Metallic brake pads are moderately expensive, they tend to be the noisiest, but they also brake well. However, they are worst on the braking system, and if used under harsh conditions can cause damage like rotor warping (typically only under extremes though).
Ceramic brake pads are expensive, they tend to be the quietest, they brake extremely well, and they tend not to transfer much heat to the brake system. This means they are much better overall for your vehicle. They may be pricier, but they’re worth it.
PARTS OF A BRAKE
Essentially, your car’s brake system consists of:
The Brake Housing, which holds the other parts in the brake system and attaches them to the rest of the car;
The Brake Caliper, which clamps over the brake disc and holds it together with the brake pads;
The Brake Disc (Brake Rotor), which is what the brake pads squeeze against to stop the wheels;
The Brake Pads, which are specially made heat-resistant buffers that absorb motion energy through friction in order to stop your car.
The Brake Line, which transfers brake fluid pressure in order to squeeze the brake pads against the brake disk, creating stopping friction.
Sometimes it becomes necessary to get a break fluid flush, if for example you begin to notice they’re not responding when you press the brake pedal. Pads squeak when they go bad, but so too does the brake rotor when it’s warped. A warped caliper can also cause squeaking, and all these problems can cause pulsing as mentioned before.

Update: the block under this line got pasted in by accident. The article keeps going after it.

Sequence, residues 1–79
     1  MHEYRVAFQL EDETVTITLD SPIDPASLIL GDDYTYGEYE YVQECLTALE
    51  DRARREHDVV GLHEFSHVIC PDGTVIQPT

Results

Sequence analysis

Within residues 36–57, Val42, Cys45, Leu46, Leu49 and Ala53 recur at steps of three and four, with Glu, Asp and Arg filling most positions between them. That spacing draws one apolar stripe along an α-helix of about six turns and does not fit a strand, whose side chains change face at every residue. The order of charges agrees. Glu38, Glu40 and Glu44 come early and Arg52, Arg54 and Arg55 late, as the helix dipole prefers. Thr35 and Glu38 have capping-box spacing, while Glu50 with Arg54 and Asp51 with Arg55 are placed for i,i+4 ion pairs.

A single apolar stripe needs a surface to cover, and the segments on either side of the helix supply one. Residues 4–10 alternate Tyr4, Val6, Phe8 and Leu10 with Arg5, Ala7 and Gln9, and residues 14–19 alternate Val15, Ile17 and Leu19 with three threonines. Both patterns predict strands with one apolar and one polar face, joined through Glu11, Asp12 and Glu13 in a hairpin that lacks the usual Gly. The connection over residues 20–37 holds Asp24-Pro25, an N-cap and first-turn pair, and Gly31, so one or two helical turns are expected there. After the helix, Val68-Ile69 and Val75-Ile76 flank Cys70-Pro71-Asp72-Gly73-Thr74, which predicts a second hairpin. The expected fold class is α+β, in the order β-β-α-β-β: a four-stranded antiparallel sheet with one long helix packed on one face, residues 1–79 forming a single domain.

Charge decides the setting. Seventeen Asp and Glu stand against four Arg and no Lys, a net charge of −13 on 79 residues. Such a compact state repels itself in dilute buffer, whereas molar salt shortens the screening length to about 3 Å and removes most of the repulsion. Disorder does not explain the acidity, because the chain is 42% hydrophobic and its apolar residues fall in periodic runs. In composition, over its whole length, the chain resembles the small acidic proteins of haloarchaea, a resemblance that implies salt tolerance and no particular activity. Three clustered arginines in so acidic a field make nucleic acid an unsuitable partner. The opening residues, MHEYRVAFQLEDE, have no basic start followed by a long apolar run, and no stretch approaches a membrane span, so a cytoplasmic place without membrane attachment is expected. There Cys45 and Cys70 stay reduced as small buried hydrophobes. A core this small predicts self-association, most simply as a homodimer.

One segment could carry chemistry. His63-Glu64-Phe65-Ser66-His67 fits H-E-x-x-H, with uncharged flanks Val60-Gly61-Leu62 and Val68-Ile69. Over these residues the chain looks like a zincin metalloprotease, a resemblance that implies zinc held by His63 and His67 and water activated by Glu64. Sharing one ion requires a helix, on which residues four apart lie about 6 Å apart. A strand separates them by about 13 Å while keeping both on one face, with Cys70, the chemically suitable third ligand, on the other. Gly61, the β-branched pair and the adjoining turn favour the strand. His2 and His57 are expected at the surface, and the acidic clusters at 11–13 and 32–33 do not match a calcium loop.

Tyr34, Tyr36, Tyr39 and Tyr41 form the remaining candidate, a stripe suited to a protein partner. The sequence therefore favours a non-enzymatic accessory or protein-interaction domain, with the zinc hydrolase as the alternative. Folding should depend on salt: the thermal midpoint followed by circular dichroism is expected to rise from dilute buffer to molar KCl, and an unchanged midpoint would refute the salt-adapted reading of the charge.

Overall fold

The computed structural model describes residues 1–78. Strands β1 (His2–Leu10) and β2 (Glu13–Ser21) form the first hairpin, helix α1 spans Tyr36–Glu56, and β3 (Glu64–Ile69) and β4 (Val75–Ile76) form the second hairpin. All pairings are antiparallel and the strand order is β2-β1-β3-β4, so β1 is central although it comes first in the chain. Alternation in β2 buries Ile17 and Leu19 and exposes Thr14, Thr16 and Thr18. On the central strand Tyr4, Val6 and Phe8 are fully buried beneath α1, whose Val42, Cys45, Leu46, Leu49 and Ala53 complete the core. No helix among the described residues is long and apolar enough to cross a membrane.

To learn how disc brakes work, click here to read our article “How Do Brakes Work?”
FREQUENTLY ASKED QUESTIONS
Should I stick with manufacturer’s/OEM brake pads?
It’s always better to stick with OEM brakes if the alternative is worse brakes. However, if you’re willing to install equal quality brakes or better, then no, it is not necessary to stick with OEM brake pads. There may be some exceptions in case of voiding a service warranty, but those aren’t the most convenient brake pad warranties then, are they?
Should I cheap out on brake pads?
No. You do not want your brake pads to give out or under perform even a little in case of an accident. It is perfectly fine to choose affordable brakes and cheap brake installation, sure, but please be sure to choose the brake pads that suit your vehicle best and no less (ie probably not organic brakes for a working vehicle, especially a truck).
Thanks for reading!